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Topic Review (Newest First)

  • 22-04-2010, 18:26

    Re: Pinion angle

    Well ive just measured my gearbox angle and where the rear seal is i have precisely 1.3% down bubble (from a spirit bubble not any angle on the suspension)

    I think i know the the problem with me having to much traction under torq and not enough under top end

    Diff angle around 9%

    The good thing was there was no vibration (well not noticeable)

    So when i re mount the rear end looks like ill be changing the angle

    Do you think that i should change both or just mount the rear to match the front
  • 06-04-2010, 11:08

    Re: Pinion angle

    Quote Originally Posted by Plumpcars View Post

    Vince, this is for a 4 link but it explains the relationships between instant centre/CofG/ neutral line.
    I have found this site that i was going to use the info for setting up the shackles but again they dont (not found yet) show the pinion angle, but im not to sure that the pinion angle in a race car would be of much use on roads (espeacially on a car that goes around in muddy circles)
  • 06-04-2010, 06:07

    Re: Pinion angle

    Vince, this is for a 4 link but it explains the relationships between instant centre/CofG/ neutral line.
  • 06-04-2010, 05:35

    Re: Pinion angle

    Vince I'm sure these days the information must be on the internet as well. Look for setting up/drag racing/instant centre. You can then draw yourself two rectangles, one with standard ride height and one moved up. See what it does to the lines through spring mounts. I bet you find you can work with stock mounts but have to play with the traction device to get things right.
    The most adjustable race set up is a 4 link and on that the IC can change but leaf springs can be set up to plant tyres...just make sure they don't unplant them! Also be totally honest with yourself about the intended use of the car.
    Andy Robinson? Don't forget what car he started with!

    PS. Dont forget that setting up a car for racing involves the front suspension as well. For the road that has to be set up to work in different situations so your rear set up has to work in conjunction with a road front set up.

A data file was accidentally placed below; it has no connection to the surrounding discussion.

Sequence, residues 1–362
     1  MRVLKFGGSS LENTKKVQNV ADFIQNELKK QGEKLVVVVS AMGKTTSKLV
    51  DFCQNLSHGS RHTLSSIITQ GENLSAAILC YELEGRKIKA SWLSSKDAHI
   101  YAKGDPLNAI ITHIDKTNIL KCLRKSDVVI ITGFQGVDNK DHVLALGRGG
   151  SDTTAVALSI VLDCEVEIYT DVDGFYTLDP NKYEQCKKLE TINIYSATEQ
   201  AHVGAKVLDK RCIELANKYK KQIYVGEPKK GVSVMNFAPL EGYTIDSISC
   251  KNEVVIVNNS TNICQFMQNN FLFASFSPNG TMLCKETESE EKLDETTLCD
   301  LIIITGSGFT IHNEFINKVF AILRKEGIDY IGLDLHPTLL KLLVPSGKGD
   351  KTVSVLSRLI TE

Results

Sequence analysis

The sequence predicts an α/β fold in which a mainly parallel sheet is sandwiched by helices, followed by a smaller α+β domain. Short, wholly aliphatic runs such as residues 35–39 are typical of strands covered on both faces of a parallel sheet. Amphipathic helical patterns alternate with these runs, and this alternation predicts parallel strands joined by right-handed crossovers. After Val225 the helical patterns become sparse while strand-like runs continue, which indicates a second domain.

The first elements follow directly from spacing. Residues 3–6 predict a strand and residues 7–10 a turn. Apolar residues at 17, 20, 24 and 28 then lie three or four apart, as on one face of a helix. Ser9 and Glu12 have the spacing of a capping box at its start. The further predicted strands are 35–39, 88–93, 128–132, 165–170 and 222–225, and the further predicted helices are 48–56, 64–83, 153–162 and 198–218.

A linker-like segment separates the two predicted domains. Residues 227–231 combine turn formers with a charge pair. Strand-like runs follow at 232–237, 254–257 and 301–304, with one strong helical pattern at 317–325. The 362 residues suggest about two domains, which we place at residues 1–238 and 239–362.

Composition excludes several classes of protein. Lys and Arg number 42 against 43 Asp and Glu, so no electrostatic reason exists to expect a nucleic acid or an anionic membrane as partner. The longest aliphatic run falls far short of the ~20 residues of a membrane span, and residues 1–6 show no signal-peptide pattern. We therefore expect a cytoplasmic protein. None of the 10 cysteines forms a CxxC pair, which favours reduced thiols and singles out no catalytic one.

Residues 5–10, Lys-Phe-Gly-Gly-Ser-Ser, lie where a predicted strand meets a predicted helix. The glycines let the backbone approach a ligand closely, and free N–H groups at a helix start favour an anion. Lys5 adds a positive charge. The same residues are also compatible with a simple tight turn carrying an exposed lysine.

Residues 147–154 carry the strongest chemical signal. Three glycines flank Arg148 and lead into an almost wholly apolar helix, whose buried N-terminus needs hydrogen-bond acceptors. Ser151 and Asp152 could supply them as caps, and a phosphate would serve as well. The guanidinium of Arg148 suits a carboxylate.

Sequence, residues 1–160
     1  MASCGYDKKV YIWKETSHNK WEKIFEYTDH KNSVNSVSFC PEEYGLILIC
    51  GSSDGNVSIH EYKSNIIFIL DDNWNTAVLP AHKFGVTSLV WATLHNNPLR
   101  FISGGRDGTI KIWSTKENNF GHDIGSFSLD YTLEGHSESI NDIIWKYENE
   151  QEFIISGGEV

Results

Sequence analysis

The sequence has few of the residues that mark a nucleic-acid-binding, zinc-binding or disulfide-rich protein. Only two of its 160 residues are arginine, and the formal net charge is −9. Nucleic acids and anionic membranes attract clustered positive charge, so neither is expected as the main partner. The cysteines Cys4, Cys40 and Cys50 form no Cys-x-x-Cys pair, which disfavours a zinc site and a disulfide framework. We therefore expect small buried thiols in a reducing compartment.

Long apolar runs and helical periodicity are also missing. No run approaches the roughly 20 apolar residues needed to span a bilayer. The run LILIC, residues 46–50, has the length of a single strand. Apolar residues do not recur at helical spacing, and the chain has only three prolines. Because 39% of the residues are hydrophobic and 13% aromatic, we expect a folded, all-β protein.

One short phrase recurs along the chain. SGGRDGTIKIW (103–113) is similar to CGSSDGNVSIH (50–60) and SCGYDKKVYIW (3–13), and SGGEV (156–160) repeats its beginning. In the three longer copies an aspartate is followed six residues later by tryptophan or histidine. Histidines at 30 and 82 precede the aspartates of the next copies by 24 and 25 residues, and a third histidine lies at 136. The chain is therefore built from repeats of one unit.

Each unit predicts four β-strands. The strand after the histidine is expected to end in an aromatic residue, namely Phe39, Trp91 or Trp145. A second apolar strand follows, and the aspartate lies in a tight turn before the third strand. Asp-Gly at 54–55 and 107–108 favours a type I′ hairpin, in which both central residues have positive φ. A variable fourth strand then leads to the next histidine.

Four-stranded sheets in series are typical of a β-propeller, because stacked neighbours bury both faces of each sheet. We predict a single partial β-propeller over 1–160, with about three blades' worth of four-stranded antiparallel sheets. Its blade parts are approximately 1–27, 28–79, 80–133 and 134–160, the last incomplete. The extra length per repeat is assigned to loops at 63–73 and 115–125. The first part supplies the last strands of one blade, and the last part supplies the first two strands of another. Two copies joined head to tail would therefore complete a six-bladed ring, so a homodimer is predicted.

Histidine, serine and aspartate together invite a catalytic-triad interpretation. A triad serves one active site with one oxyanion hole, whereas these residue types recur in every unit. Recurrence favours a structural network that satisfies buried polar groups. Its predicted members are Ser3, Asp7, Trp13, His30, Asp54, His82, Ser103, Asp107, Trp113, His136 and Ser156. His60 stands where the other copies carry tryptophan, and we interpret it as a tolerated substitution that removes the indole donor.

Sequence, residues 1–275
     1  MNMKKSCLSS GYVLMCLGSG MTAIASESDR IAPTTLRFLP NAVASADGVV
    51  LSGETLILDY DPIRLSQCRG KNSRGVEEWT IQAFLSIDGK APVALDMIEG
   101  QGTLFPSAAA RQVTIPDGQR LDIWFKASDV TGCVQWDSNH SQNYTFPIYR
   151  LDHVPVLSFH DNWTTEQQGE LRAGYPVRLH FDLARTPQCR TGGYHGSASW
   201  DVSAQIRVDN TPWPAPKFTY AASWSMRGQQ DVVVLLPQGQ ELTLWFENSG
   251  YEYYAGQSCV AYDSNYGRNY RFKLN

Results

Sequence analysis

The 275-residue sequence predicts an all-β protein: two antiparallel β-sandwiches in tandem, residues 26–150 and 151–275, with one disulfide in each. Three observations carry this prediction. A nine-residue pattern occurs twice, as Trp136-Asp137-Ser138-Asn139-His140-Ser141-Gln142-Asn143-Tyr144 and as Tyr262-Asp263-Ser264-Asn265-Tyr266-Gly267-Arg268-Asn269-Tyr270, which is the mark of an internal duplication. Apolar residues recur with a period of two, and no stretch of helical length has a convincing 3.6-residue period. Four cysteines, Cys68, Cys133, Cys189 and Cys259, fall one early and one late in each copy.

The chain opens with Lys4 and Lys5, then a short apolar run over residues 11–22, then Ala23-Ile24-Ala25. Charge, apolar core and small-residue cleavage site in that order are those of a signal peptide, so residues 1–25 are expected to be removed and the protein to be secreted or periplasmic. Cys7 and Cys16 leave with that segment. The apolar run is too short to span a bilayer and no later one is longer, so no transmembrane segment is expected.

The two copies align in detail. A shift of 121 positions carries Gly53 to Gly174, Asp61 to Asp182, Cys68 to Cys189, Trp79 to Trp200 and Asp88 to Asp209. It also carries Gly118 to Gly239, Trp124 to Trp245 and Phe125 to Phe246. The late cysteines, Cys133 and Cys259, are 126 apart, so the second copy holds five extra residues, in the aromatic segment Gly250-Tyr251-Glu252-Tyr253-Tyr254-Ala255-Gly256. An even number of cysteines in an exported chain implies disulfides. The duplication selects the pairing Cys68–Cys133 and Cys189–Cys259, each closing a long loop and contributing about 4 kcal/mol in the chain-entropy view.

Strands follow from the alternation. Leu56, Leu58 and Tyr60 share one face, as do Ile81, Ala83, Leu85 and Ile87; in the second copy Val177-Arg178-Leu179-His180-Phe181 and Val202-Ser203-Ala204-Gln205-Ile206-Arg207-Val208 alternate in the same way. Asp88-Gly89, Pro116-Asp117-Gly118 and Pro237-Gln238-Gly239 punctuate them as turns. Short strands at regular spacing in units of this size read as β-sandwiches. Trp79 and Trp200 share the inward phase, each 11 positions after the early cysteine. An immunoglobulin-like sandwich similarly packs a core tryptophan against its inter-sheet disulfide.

• 06-04-2010, 03:18

    Re: Pinion angle

    mines 5degrees as thats what the back of the gearbox flange was after leveling the carb base on the inlet ......Guy
  • 05-04-2010, 21:36

    Re: Pinion angle

    Vince give Andy Robinson a call, he will give u all the advice u need, he is a very approachable chap but dont call him b4 12 noon as he doesnt answer his fone, 01256 880589, but as far as i know the angle is 3 degree's

  • 05-04-2010, 21:14

    Re: Pinion angle

    May be worth an e mail. Also try a book on setting up doorslammers by Dave Morgan.
  • 05-04-2010, 21:01

    Re: Pinion angle

    Ive tried to find the book that has been recommended but all i can find is a website to chris alstons chassis works but no book
  • 05-04-2010, 20:43

    Re: Pinion angle

    No they don't pivot in the same way but the instant centre would work the same way ie: the front spring eye of the leaf would be the IC same as the front mount hole on the ladder bar. What you will probably have to do is experiment with the height that you mount the front spring eye to alter where your IC lies on a line in relation to the centre of gravity of your car. This is where my experience is lacking, I can't give you a start point.

    You might consider new tyres as well
  • 05-04-2010, 20:27

    Re: Pinion angle

    Quote Originally Posted by Plumpcars View Post
    Vince I don't have the experience to guide you as I said others on here know more than me. I think if it was me I would be looking at setting the pinion angle for street use when mounting the axle and then making plenty of calculations depending upon what traction device you end up using.
    Correct car geometry is thrown all over when you change ride height, both for steering and traction, so a degree of experimentation will probably be needed.
    with respect sir, everything you have stated so far has been pretty accurate
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